AirPlay and DLNA support are also available, and with Spotify Connect, vTuner internet radio, and FM and AM tuners on board, you have access to more music than you can shake a glow stick at. This is an extremely well featured system. Stream quality is stable, everything works without a hitch, and we didn’t experience any dropouts during testing.

There are multiple digital and analogue inputs if you prefer a wired connection, and even a moving-magnet phono stage for plugging in your trusty old turntable. The front panel USB port is multi-talented, too: it will play and charge Apple devices, and also play audio files stored on a USB stick or flash drive. There are two things the R-N500 can’t do: wi-fi and Bluetooth.

We didn’t miss either feature during testing thanks to just how easy it is to access music on our smartphone or NAS box, although not everyone will be able to place their kit within easy reach of their network router. Those who want the added convenience of wi-fi and Bluetooth can simply buy separate modules from Yamaha, for around £50 each.

Build and design

We’re puzzled every time we look at the R-N500’s relatively budget price tag, as it looks every inch a premium quality piece of hi-fi kit. The all-metal construction is built well, and the unit is sturdy and classy in equal measure.

It feels like an expensive product, too. Those beautifully machined dials and tonal controls on the front panel are wonderful to use. They’re weighted just right, and turn so smoothly. They also bear more than a passing resemblance to the ones on Yamaha’s retro-styled flagship A-S3000 amplifier (£4000) – it’s no wonder we keep thinking the R-N500 costs more than it does...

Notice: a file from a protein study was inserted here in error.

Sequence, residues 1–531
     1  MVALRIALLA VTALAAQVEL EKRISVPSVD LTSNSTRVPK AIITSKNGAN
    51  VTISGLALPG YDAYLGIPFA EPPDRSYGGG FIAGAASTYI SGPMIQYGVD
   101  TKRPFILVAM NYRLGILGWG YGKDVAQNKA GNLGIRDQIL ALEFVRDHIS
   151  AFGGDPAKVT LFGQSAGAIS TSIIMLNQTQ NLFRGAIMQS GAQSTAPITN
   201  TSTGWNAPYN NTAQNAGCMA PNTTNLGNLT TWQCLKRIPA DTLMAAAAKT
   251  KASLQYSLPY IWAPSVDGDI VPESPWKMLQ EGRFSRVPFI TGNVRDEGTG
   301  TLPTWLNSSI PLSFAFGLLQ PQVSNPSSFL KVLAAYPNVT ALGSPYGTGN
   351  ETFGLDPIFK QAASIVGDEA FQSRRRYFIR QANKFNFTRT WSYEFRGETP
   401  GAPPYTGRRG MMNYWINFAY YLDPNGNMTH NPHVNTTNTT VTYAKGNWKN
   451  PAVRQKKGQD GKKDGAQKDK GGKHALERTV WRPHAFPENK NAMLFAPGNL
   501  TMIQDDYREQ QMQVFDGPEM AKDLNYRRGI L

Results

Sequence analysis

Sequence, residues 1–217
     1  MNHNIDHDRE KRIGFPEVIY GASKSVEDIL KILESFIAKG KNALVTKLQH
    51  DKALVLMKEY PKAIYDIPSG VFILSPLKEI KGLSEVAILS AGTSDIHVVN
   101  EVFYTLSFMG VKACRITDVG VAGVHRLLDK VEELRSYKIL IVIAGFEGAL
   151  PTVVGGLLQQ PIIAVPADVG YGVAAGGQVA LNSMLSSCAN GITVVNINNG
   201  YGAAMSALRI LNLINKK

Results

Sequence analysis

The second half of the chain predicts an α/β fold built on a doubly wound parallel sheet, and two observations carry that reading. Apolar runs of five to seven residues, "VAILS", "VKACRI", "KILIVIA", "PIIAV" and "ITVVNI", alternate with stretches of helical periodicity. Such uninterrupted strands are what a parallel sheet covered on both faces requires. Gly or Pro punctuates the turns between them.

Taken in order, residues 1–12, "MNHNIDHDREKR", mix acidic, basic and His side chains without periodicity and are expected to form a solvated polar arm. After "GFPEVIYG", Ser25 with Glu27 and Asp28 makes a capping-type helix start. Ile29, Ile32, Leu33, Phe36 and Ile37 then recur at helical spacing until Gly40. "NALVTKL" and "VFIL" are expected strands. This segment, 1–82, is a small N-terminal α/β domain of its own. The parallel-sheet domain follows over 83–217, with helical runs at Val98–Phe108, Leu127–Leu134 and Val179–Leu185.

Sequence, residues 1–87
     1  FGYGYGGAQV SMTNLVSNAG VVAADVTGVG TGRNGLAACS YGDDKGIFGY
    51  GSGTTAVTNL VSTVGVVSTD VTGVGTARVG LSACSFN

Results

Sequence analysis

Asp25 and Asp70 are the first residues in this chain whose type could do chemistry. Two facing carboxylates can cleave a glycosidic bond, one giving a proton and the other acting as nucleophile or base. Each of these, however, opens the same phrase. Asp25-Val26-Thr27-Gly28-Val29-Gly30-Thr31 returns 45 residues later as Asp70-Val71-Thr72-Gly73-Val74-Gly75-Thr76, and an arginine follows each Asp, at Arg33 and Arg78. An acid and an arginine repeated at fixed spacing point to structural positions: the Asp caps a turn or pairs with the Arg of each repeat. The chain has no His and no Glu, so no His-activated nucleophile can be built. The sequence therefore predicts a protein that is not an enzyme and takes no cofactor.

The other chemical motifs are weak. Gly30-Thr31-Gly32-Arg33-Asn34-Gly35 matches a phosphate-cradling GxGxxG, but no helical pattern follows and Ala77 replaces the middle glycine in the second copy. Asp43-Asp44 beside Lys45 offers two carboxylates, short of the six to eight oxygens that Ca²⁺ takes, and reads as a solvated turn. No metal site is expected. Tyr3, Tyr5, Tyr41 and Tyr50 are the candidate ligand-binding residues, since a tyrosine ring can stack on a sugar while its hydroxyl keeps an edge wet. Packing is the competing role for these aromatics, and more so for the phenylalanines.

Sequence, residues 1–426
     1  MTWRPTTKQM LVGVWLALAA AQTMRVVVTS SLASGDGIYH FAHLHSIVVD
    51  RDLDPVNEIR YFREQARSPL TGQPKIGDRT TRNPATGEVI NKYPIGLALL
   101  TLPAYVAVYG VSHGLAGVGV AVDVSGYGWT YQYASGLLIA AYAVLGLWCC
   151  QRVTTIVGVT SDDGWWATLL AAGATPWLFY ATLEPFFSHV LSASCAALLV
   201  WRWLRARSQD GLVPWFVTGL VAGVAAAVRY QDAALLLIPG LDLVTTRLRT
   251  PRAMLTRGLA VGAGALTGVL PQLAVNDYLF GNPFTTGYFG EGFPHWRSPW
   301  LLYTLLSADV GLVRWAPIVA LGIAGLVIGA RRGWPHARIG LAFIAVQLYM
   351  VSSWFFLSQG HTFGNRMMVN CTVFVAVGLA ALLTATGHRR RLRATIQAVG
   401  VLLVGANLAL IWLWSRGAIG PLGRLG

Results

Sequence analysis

Sadly, there are no glowing volume meters, but the large, crystal-clear, informative and easy to read display suits the R-N500’s more modern and complex needs, so we can’t complain.

Control app

We like using the neatly designed and intuitively laid out NP Controller app more than the old fashioned remote handset. The free app’s responsive, organised layout looks best on a tablet’s screen, but the smartphone version is equally easy to get along with.

All inputs are laid out in one screen for lightning-fast source-switching, and using a touchscreen to browse through endless lists of songs and radio stations feels far more natural than tediously pressing buttons or using the fiddly ‘Select’ dial on the unit.

The free app streamlines the user experience, complete with a virtual dial that mirrors the one on the unit – although this can be a little buggy and unresponsive at times.

The physical remote may be old hat, but it’s at least reliable and useful for changing the volume in a pinch.


The R-N500 exudes a superb, high-quality retro feel while also delivering all the trappings needed for the modern-day music lover.

It’s good value for a product of its kind, and is a great system for anyone with a sprawling collection of music files, or simply wanting to take their first steps into hi-fi.

All the Yamaha needs is a fresh bout of energy, (and a touch more precision and punch), and that big, rich sound will be a force to be reckoned with. Definitely worth an audition.